Divorce and bankruptcy often go hand-and-hand for North Carolina residents.
Financial problems often contribute to breakup of marriages or, at least, are in the mix when a couple’s relationship is on the rocks.
On the other side of the coin, divorce creates a huge financial burden on both spouses, as each of them could lose approximately half of their wealth and will also lose a valuable source of financial support.
One spouse may also be responsible to pay child support or alimony, which may also be referred to as spousal maintenance.
Filing bankruptcy before divorce
Some couples who are in financial distress may choose to seek help with filing for a bankruptcy before divorce. There are some possible financial advantages to doing so.
For example, from a bankruptcy perspective, filing as a married couple may mean that it is easier to qualify for filing a Chapter 7 bankruptcy is opposed to having to set up a five-year payment plan in a Chapter 13.
A married couple may also be able to protect more of their property from sale while still eliminating most if not all of their individual and joint debts.
It’s not the best option for everyone, but a well-timed joint bankruptcy petition can ensure that a couple which is going separate ways will be able to do so with a fresh financial start.
Bankruptcy after a divorce order has been entered
In other cases, someone who is already subject to a divorce order may wish to file bankruptcy on their own. Doing so may not be a major issue if one’s former spouse agrees with this decision, but such an agreement is not possible in every situation.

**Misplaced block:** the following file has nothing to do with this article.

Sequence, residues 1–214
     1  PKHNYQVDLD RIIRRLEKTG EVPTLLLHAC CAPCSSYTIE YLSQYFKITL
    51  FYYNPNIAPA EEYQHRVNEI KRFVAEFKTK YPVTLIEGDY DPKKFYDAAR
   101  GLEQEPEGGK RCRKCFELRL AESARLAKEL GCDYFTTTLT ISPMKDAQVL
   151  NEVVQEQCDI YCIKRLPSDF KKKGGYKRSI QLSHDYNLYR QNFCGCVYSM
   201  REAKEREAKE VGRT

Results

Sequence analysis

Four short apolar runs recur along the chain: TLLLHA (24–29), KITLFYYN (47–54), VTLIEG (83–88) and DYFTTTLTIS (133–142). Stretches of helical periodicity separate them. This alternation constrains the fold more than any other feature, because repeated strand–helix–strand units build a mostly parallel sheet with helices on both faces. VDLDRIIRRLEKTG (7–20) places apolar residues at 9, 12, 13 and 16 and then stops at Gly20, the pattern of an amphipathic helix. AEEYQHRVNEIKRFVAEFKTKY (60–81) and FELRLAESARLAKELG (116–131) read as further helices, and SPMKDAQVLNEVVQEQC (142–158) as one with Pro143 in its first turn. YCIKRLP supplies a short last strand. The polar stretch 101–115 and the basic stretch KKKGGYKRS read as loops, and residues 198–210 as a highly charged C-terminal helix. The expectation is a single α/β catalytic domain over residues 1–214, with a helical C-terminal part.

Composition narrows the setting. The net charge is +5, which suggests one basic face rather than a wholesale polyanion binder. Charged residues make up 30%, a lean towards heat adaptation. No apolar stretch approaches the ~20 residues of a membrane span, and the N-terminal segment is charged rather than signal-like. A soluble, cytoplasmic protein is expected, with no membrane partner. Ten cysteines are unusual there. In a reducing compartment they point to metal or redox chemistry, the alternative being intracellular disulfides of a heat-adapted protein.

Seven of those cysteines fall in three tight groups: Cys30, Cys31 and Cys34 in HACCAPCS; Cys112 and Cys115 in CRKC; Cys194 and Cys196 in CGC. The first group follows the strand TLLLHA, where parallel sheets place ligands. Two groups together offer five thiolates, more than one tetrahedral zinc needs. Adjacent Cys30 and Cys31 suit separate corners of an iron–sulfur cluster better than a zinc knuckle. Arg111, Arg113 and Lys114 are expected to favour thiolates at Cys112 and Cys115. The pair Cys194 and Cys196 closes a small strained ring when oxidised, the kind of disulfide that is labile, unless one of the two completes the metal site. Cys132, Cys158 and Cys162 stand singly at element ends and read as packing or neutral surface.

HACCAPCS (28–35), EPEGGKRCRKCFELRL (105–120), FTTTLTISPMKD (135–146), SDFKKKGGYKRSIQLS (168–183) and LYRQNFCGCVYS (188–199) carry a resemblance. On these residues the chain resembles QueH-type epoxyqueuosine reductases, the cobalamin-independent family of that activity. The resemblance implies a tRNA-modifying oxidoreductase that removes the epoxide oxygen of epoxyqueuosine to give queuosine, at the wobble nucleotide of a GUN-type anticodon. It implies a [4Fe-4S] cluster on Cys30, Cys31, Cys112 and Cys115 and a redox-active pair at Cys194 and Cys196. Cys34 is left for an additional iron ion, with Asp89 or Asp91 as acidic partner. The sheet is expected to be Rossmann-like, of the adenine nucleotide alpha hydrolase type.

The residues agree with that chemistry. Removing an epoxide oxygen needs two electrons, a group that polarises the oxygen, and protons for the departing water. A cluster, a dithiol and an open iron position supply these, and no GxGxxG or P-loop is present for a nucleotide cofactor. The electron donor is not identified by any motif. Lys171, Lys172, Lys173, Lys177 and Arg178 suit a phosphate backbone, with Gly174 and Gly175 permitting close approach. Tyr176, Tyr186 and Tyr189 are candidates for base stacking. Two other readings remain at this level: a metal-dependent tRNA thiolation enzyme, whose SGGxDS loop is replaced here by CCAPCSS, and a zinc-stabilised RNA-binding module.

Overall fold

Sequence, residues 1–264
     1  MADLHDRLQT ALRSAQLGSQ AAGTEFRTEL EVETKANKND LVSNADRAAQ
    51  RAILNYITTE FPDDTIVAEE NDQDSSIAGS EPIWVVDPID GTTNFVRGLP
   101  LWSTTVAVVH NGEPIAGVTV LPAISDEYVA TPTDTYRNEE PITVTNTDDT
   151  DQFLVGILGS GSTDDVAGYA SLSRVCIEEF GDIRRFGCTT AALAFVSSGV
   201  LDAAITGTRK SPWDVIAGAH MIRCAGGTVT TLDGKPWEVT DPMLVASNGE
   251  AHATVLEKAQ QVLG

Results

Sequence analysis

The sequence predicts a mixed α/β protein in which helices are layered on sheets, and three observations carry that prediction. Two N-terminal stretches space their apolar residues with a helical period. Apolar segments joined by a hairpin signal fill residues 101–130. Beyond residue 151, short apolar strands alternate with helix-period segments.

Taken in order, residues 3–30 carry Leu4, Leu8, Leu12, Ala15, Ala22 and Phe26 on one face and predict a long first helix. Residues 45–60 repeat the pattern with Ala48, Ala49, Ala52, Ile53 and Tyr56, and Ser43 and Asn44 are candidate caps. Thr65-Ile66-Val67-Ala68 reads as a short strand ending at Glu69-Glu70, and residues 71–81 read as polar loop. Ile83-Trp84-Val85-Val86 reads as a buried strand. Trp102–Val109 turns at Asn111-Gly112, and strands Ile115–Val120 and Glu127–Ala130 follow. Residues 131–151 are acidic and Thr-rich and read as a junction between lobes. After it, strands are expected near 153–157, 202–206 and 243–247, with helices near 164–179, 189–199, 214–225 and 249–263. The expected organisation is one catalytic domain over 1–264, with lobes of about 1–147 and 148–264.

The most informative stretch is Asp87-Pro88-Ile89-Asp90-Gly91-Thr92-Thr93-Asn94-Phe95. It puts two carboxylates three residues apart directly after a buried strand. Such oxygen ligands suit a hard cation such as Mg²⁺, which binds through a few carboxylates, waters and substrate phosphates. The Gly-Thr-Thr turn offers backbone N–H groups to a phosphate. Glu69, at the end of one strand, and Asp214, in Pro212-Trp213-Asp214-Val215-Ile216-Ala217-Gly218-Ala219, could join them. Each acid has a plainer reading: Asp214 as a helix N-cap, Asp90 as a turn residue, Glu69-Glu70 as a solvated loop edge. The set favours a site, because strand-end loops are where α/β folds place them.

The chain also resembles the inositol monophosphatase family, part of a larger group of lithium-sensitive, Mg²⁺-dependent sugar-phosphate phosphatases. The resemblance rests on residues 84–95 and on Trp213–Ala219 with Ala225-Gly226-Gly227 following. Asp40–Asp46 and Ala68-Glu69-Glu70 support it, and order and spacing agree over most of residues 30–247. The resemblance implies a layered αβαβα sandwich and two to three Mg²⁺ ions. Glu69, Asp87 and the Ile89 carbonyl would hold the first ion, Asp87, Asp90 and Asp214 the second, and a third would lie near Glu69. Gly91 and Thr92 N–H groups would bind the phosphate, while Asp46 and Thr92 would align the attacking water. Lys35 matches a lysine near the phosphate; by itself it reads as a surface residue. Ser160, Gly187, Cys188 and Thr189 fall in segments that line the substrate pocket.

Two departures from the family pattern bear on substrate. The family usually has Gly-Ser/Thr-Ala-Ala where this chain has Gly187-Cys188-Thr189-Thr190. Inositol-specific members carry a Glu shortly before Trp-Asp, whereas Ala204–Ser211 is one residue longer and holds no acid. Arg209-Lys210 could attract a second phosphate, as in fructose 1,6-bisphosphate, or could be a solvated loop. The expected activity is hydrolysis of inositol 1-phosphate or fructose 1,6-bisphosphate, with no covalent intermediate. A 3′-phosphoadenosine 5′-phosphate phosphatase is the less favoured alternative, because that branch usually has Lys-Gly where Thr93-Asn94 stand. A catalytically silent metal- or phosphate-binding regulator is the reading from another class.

Before going forward, it is important for a Durham resident who is divorced and has financial problems to understand what bankruptcy can and cannot do for her.
Bankruptcy can go a long way in helping a newly divorced person get her financial affairs in order, but it does have some limitations when it comes to certain divorce-related debts.
For instance, a bankruptcy generally will not allow a person to discharge his child support obligations. He will have to pay those in full. Likewise, alimony, by whatever term it is called, is not dischargeable.
Finally, even debts related to property settlement, like equalization payments and the like, may or may not dischargeable depending on each spouse’s financial circumstances and other factors.